Wednesday, November 28, 2012

[Sunlight] Come, come the Beloved has arrived! -- Ghazal 330


Sunlight presents Ghazal (Ode) 330, from the "Diwan-e Shams",
in a version by Jonathan Star, in a translation by Kolin and Mafi, and in a translation by A.J. Arberry.


Come, come,
The roses are in bloom!
Come, come,
The Beloved has arrived!

Now is the time to unite
the soul and the world.
Now is the time to see the sunlight
dancing as one with the shadows.

Laugh at those faithless men
who boast with loud voices.
Weep for that friend
who has turned away from the Friend.

The whole city is trembling with fear
now that the madman
has broken from his chains.

What a day!
What a day!
A day of upheaval!
A day of revolt!
Perhaps the scroll
that records every deed
is falling from the sky!

Beat the drum,
Speak no more –
The heart has gone,
The mind has gone,
The soul, too, has gone
to the Beloved.

-- Version by Jonathan Star
"Rumi - In the Arms of the Beloved"
Jeremy P. Tarcher/Putnam, New York 1997


Come, come
the Beloved has arrived!
The rose garden is blooming
run and offer your life and the world
to the rising Sun.
Smile and see the beauty hidden
In an ugly face,
weep, weep for those who have turned
away from love.
What a day, what a day!
A day of resurrection!
The lover has once again broken free from his chains.
The scroll of our deeds brought by the angels lays open.
Beat the drum and say no more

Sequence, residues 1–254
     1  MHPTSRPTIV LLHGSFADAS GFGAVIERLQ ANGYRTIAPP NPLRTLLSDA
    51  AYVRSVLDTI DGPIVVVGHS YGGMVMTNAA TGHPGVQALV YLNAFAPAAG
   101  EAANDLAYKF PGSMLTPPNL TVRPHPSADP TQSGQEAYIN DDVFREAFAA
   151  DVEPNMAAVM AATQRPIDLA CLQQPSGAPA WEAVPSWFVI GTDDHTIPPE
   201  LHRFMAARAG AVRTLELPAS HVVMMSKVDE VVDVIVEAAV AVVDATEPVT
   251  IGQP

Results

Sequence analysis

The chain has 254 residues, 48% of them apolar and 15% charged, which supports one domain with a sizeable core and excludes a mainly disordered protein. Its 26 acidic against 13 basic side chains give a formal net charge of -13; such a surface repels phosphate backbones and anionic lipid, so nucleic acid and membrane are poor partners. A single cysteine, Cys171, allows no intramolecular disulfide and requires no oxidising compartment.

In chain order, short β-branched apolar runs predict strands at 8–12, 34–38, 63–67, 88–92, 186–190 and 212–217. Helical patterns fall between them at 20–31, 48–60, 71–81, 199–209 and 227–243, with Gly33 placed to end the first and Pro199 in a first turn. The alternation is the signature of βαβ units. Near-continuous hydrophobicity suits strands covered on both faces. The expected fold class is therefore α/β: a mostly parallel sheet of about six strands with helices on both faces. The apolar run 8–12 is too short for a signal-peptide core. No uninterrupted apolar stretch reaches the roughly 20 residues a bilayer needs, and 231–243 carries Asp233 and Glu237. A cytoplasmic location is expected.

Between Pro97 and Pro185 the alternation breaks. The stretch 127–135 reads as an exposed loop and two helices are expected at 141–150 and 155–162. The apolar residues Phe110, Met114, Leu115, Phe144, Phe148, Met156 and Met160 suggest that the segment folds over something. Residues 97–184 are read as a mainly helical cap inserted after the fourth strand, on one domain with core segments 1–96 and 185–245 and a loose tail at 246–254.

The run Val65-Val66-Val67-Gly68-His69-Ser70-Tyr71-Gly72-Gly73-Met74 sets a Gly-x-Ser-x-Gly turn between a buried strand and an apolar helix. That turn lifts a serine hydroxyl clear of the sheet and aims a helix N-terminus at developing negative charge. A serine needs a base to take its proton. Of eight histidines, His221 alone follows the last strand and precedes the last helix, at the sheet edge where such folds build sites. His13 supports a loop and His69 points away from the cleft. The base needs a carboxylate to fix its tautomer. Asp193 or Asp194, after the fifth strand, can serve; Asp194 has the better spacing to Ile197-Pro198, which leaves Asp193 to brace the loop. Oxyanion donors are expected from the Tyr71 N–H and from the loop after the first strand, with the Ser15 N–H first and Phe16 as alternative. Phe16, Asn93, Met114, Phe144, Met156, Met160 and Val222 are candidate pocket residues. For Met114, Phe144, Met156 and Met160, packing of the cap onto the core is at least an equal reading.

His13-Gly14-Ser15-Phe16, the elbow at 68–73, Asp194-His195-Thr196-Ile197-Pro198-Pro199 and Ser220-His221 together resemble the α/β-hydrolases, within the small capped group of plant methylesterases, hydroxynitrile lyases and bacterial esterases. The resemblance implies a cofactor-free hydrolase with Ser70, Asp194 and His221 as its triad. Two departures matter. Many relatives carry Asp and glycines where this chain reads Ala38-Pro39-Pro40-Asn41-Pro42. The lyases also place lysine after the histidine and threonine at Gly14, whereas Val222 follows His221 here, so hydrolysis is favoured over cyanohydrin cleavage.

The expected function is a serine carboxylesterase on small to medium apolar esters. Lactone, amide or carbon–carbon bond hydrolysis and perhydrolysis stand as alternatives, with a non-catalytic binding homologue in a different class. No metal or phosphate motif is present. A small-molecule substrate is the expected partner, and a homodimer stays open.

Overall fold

The heart and mind have gone
the soul has flown to the Beloved!

-- Translation by Azima Melita Kolin
and Maryam Mafi
Rumi: Hidden Music
HarperCollins Publishers Ltd, 2001


Come, come, for the rosebower has blossomed; come, come,
for the beloved has arrived.
Bring at once altogether soul and world; deliver over to the
sun, for the sun has drawn a fine blade.
Laugh at that ugly one showing off airs; weep for that friend
who is severed from the Friend.
The whole city seethed when the rumour ran abroad that
madman had once again escaped from his chains.
What a day it is, what day is it, such a day of uprising?
Perchance the scroll of men's deeds has already fluttered from
the skies.*
Beat the drums, and speak no more; what place is there for
heart and mind? For the soul too has fled.

-- Translation by A.J. Arberry
"Mystical Poems of Rumi 1"
The University of Chicago Press, 1968

Notes from the Arberry text:
See Aflaki, "Manaqib" 161, on Rumi preaching to dogs at the
* As on the Resurrection Day the scrolls of men's deeds will
flutter over their heads.




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